Proposing a budget is just one step in the budget making process, and Liz Medicine Crow and Kendra Kloster want to make sure Alaska Natives help shape Gov. Mike Dunleavy’s proposed budget as it takes its ultimate form.
Medicine Crow, President and CEO for First Alaskans Institute, and Kloster, Executive Director for Native Peoples Action, were guest speakers at a Native Issues Forum Wednesday and urged those in attendance to pay attention to proposed budget cuts, be mindful of how communities will be impacted and be willing to share their stories with state lawmakers.
“If this really is just a conversation starter, then let’s not let that be a conversation that’s one sided,” Medicine Crow said. “This is a proposal, and the Legislature has to do the duty of vetting this proposal and hearing from the citizens of this state and that means we need to really show up. If the plate and the door is open for proposals, let’s put our own bold proposals forward.”
Medicine Crow and Kloster did not drill in on one particular topic, but instead provided an overview of the budget’s $1 billion in proposed cuts for the audience in Elizabeth Peratrovich Hall. Kloster said with so many areas on the chopping block, it’s important for people to find the ways the proposed budget could affect them and share their story with lawmakers.
Both speakers shared ways the proposed budget could impact their lives.
Medicine Crow said she has an aunt who cannot fly but needs to travel to receive medical care, so she is wary of reduced funding for the Alaska Marine Highway System.
“If there’s no ferry for her to catch, how is she going to access the kind of medical care she needs?” Medicine Crow asked.
Kloster said she’s personally keeping an eye on education funding because she has a daughter who is about to enter preschool and will soon be working her way through the public school system.
“We’re looking at catastrophic cuts to education,” Kloster said. “Being a parent and having a 3-year-old, going through and realizing there’s no pre-K funding and looking at classroom sizes that could be 40 or more, and it’s just not the kind of education system I want to see for Alaska.”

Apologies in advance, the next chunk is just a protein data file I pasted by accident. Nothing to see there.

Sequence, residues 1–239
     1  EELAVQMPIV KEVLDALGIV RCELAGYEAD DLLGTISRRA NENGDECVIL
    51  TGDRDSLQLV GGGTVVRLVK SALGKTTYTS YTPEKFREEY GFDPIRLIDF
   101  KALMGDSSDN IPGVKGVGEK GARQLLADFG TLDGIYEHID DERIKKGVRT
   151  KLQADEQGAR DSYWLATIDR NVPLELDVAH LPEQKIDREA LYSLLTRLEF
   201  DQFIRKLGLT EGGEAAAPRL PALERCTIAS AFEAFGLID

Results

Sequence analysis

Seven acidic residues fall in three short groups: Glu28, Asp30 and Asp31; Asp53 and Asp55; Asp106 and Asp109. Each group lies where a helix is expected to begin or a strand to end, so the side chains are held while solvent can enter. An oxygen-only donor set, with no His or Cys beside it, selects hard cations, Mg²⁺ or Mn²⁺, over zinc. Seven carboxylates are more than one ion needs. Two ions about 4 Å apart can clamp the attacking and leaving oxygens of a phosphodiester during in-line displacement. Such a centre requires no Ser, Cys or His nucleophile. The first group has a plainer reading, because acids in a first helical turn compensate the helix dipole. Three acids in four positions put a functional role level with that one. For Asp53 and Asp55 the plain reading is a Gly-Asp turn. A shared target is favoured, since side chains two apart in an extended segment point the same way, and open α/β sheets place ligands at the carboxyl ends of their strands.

Additionally, the two talked about proposals that could send up to 500 inmates out of state, and reduce spending on health and social services, senior citizen services and rural support.
Less spending on rural communities would disproportionately affect Alaska Native villages, Medicine Crow said.
Kloster and Medicine Crow particularly highlighted a proposal that would allow the general fund to absorb the Power Cost Equalization fund, which helps subsidize the cost of power for residents of rural communities.
“Once they get it into that pool (the general fund), they get to decide however they want to spend it on whatever they want to spend it on, which means they don’t have to spend it on PCE,” Medicine Crow said.
Reduced spending on village public safety officers was also discussed.
“Our communities across Alaska deserve equitable public safety, and we haven’t had it,” Medicine Crow said. “To see a proposal that cuts our VPSO program more than it already has been is troubling and concerning, and it signals to us we have a lot more education to do in this area, so people understand that when you cut our VPSO program you’re going to further cause harm to rural Alaska.”
During a brief question and answer section after about 40 minutes of talking, some audience members shared their concerns, too.
Melanie Brown, a Juneau resident whose ancestry goes back to Bristol Bay, said a proposal to landing and business taxes on fisheries away from cities and boroughs stands out to her.
“It just made my mind explode with a picture of my mother’s home community just dying,” Brown said.
She questioned why Alaska does not have an income tax and said she understood it may be cumbersome for many, but often times mining, oil and tourism industry employees are taking income out of the state.
“We as Alaskans have to realize how much income leaves our state,” Brown said.
Mary Marks, a Juneau resident, said she was troubled by the proposed budget — specifically cuts to education funding — and encouraged Tlingit, Haida and Tsimshian people to unify in the face of whatever challenges may come up.
“It should cause us to come together as a unified Alaska Native people,” Marks said. “This is an opportunity to really voice our concerns and stand firm because our education is important, our ferry system is important, our tribal resources are important to us.”
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